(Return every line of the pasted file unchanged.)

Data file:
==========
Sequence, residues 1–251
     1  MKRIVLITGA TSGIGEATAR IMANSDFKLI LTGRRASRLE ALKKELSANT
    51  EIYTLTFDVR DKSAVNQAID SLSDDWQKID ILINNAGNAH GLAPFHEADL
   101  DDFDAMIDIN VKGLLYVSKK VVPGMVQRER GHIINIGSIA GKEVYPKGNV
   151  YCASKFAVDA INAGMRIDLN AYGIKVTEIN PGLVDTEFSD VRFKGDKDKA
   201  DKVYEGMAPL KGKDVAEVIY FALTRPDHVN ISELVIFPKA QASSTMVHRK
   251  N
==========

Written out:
Sequence, residues 1–251
     1  MKRIVLITGA TSGIGEATAR IMANSDFKLI LTGRRASRLE ALKKELSANT
    51  EIYTLTFDVR DKSAVNQAID SLSDDWQKID ILINNAGNAH GLAPFHEADL
   101  DDFDAMIDIN VKGLLYVSKK VVPGMVQRER GHIINIGSIA GKEVYPKGNV
   151  YCASKFAVDA INAGMRIDLN AYGIKVTEIN PGLVDTEFSD VRFKGDKDKA
   201  DKVYEGMAPL KGKDVAEVIY FALTRPDHVN ISELVIFPKA QASSTMVHRK
   251  N